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    Topic review

    Aspergillus oryzae

    Subjects: Microbiology
    View times: 13
    Submitted by: Takayoshi Awakawa

    Definition

    Aspergillus oryzae is a powerful heterologous expression host for the production of polyketides and terpenoids.

    1. Introduction

    The A. oryzae genome includes some genes encoding secondary metabolite biosynthetic enzymes, such as the non-ribosomal peptide synthetase, which is responsible for the production of toxic compounds, such as cyclopiazonic acid. In addition, A. oryzae possesses a strong metabolic flux to supply precursors of polyketides, terpenoids, and peptides, as judged by the high yields of heterologous expression products. Furthermore, genetic manipulation methods, such as gene deletion or heterologous expression, strong promoters (e.g., PamyB and PenoA) and multicopy vectors [1][2], and the genetically tractable mutated strains A. oryzae M-2-3 and NSAR1, have been established [3][4]. The long-standing efforts of academic and industrial investigators have made this strain an excellent chassis for the heterologous expression of secondary metabolite genes.

    The fungal meroterpenoids are one of the groups of natural products that include various medicinally important compounds, such as the acyl-CoA:cholesterol acyltransferase inhibitor pyripyropene, the immunosuppressant mycophenolic acid, and the anti-trypanosomiasis ascofuranone The biosynthesis of fungal meroterpenoids can be separated into five parts: polyketide synthesis, prenyl transfer, epoxidation, cyclization, and post-cyclization modification [5][6][7], as exemplified by pyripyropene A biosynthesis (Figure 1). By using the versatile A. oryzae host, which synthesizes polyketide and terpenoid compounds with high yields, we can create a fungal meroterpenoid production system. This method includes important benefits, in that we can exploit the novel biocatalysts by identifying the compounds accumulated in the heterologous expression system, and also re-engineer the biosynthetic pathway easily, by simply swapping one part of the biosynthetic machinery or feeding an un-natural substrate.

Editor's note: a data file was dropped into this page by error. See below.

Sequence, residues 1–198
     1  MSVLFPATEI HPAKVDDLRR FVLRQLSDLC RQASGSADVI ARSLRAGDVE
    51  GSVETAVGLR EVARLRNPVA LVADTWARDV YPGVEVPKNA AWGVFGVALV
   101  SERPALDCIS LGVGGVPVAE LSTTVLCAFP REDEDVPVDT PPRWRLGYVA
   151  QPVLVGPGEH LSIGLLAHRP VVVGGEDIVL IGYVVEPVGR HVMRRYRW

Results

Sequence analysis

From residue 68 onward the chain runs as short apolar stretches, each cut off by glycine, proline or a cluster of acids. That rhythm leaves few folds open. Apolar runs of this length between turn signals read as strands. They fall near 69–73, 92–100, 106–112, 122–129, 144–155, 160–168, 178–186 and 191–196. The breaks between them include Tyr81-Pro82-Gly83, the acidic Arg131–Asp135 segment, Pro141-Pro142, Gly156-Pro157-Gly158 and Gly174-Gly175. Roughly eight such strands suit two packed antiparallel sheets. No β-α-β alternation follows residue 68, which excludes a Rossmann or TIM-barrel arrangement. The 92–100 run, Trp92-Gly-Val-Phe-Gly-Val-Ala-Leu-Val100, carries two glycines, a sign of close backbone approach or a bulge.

Figure 1. Biosynthetic pathway of pyripyropene A.

    2. Pyripyropene A Biosynthetic Pathway

    The earliest study of fungal meroterpenoid biosynthesis was the reconstitution of the early pyripyropene A biosynthetic pathway in the A. oryzae M-2-3 strain (ΔargB) [8]. The pyr2 (polyketide synthase, PKS) gene was cloned into the pTAex3 vector [9], and the pyr1 (CoA-ligase) gene was cloned into pPTRI [10], with the amyB promoter and terminator from pTAex3, to yield pTAex3-pyr2 and pPTRI-pyr1, respectively. Similarly, pyr5 (flavin-dependent monooxygenase, FMO) was cloned into pTAex3, and pyr4 (transmembrane meroterpenoid cyclase, CYC) and pyr6 (UbiA-type prenyltransferase, PT) were cloned into pPTRI with the amyB promoter and terminator, to yield pTAex3-pyr5 and pPTRI-pyr4+6, respectively. Two sets of vectors, pTAex3-pyr2 and pPTRI-pyr1 and pTAex3-pyr5 and pPTRI-pyr4+6, were introduced into A. oryzae M-2-3 [3]. The A. oryzae/pyr1+2 was fed nicotinic acid and produced 4-hydroxy-6-(3-pyridinyl)-2H-pyran-2-one (HPPO), while A. oryzae/pyr4+5+6 was fed HPPO and produced deacetylpyripyropene E. The structures of these products suggested that the following biosynthetic reactions, Pyr1 and Pyr2, produce HPPO from nicotinic acid, CoA, and malonyl-CoA; Pyr6 transfers the farnesyl group at C-3 to yield 3-farnesyl-HPPO; Pyr5 epoxidizes the terminal olefin of the farnesyl group; and Pyr4 facilitates the cyclization of the epoxidated prenyl chain via protonation to produce deacetylpyripyropene E (Figure 1). This was the first study that identified the function of the transmembrane meroterpenoid cyclase [11], and it paved the way toward investigations of the fungal meroterpenoid biosynthetic pathway. The A. oryzae/pyr1+2 strain was fed benzoic acid and generated 4-hydroxy-6-phenyl-2H-pyran-2-one (HpHpO), which was then fed to A. oryzae/pyr4+5+6 as a substrate to yield the un-natural meroterpenoid deacetyl-S14-95 (Figure 2) [8], illustrating the ease of mutasynthesis with this heterologous expression system.
    Figure 2. Un-natural product synthesis from benzoic acid with Pyr12456.

    3. 3,5-Dimethylorselinic Acid (DMOA)-Derived Meroterpenoid Biosynthetic Pathways